Does it matter if L&D teams learn less than others? Just how much is legacy tech holding us back? Have we seen the end of compliance culture?
These are just some of the trends and challenges Nelson and Gary tackled in this episode of L&D Disrupt.
Based on relevant research published in 2022, these are real challenges that L&D can expect in 2023, rather than pie in the sky, exotic trends that won’t apply to your daily life and challenges.
0:00 Introduction to the episode
2:43 L&D spends less time learning on average
12:17 The problem with legacy tech
16:37 People can’t find resources they need
25:15 Why people don’t embrace new tech
36:12 L&D can build your employer brand and better culture
46:25 Being more data informed in 2023.
52:58 More cost effective content creation.
According to the LinkedIn Workplace Learning Report 2022, L&D people spent 23% less time learning than active learners on LinkedIn and 35% less than their HR counterparts.
But time spent learning doesn’t equate to knowledge gained! What does perhaps matter is perception…
“It’s ironic because it points in the direction of time as a measure of learning’s effectiveness – which is flawed… Someone who did 10 hours of learning in a single sitting vs. someone who frequently did 20 minutes of learning every week: which one would you say is better?
“The person who spread out that learning more frequently and built more of a sustainable habit around learning. So just looking at the time of learning and not the frequency doesn’t tell the full story.” – Nelson Sivalingam, CEO, HowNow
Time spent learning shouldn’t be the single source of truth. Why not measure things like daily active users to understand the frequency, like a consumer-facing app would do?
L&D teams should remember that we are learners too, and how do we want to learn? That should influence how we design learning experiences and what we measure.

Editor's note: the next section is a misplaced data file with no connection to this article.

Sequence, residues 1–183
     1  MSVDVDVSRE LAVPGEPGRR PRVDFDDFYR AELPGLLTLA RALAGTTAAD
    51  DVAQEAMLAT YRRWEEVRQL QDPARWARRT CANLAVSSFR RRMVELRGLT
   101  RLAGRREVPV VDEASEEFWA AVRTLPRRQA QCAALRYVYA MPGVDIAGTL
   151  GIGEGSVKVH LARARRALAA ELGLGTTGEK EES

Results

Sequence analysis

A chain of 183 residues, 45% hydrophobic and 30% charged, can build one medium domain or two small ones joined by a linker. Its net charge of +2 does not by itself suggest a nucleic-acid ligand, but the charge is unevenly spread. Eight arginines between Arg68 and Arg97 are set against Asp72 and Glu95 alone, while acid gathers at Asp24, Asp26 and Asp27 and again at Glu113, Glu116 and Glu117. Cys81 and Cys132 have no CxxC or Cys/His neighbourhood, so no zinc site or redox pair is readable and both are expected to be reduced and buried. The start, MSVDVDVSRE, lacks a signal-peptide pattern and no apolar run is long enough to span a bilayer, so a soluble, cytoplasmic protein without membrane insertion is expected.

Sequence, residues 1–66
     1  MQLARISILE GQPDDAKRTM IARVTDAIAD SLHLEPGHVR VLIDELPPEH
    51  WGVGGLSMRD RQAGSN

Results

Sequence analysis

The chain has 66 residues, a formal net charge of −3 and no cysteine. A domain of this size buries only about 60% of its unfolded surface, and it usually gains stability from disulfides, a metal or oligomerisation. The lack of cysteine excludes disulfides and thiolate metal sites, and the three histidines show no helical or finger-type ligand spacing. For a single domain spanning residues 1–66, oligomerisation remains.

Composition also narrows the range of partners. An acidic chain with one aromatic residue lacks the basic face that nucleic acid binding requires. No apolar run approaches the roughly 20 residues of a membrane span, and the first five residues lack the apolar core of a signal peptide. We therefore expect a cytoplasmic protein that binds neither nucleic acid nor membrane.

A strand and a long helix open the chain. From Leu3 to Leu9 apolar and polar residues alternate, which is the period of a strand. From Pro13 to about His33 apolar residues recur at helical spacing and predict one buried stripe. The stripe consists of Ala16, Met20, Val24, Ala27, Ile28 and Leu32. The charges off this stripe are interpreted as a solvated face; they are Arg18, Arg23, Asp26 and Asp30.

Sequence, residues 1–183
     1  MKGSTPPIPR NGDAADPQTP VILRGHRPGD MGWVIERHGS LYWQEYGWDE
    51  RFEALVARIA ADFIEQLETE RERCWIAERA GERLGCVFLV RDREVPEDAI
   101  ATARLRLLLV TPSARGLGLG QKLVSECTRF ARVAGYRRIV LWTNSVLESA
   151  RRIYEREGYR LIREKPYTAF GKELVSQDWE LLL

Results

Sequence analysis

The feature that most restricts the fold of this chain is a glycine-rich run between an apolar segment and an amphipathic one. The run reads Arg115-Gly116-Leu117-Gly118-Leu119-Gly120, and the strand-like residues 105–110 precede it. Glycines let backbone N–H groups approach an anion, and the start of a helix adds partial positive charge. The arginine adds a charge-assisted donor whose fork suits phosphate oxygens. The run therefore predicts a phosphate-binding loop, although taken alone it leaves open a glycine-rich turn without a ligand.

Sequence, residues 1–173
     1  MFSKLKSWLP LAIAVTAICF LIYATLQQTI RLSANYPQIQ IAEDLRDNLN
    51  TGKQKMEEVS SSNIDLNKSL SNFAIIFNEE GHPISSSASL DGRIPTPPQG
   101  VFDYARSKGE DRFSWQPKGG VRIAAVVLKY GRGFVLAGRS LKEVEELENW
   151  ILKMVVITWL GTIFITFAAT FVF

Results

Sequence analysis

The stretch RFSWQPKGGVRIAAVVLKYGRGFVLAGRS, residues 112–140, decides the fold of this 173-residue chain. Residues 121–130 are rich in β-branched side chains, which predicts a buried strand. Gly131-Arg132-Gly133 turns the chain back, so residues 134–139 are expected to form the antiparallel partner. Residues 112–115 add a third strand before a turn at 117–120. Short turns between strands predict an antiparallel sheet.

“It’s about the opportunity cost of sticking with something that’s not working. When uncertainty and risk are high, we tend to not change because change seems more risky than sticking with the status quo that’s not working for us. Which actually isn’t the case.”
If we’re making the right change and progressing in the right direction, we can be better off and get better at spending our budget.
So we’ve got to be careful when the business suggests sticking with what we’ve got even though we know it’s not working. We have to tell that story of what we’re currently wasting.
“Every company needs to find a way of digitising their company brain so that people can access that collective knowledge… A lot of companies have a lot of tools. For example, L&D launch a platform for the company, but they don’t realise the sales team is using something completely different.
“There’s so much duplication of effort and expenditure going on. Not only the obvious problem of cost… but also you end up with silos within the company. And so you need to be able to break those silos and work across functions to make sure we’re not duplicating effort and cost.”
“Any tech that you’re launching, where it feels like there’s going to be a long time to value, the business is going to look at it as a high-risk investment.
“They’re highly likely to say, if it’s going to take us nine months to see any value from this investment, let’s not make it now. Because people are going to be more budget conscious going into next year.”
For L&D and HR teams, this means reducing the time it takes to reach a point of value. Let’s show value more often and earlier!
In a MindTools study, only 20% named personal development as their reason for learning in 2018, but in 2021, it was the highest by far at 57%.
Compliance, on the other hand, decreased from 59% in 2018 to just 29% in 2021.
Nelson made a great point that L&D ownership is now shared! Employees are being empowered to learn and aren’t simply a passenger on that journey anymore – and they’re demanding more from employers, as we’ll see below.
“L&D right now is your biggest leverage to attract, engage and retain employees! 41% of people said they left roles for a lack of career development and learning opportunities… 34% of people were leaving because of uncaring and uninspiring leaders. 31% were leaving because of a lack of meaningful work.
“So many of these can be tackled and L&D can play a significant role!”
If people are leaving companies for these reasons, they’ll be looking to join companies who offer them – and L&D can help us build an attractive employer brand.
A lot of L&D teams are collecting data beyond course completion, now we’ve got to start building stories that communicate impact with it.
What does the business care about? Connect that data to outcomes with a compelling narrative, and that’s how we get people to buy into L&D.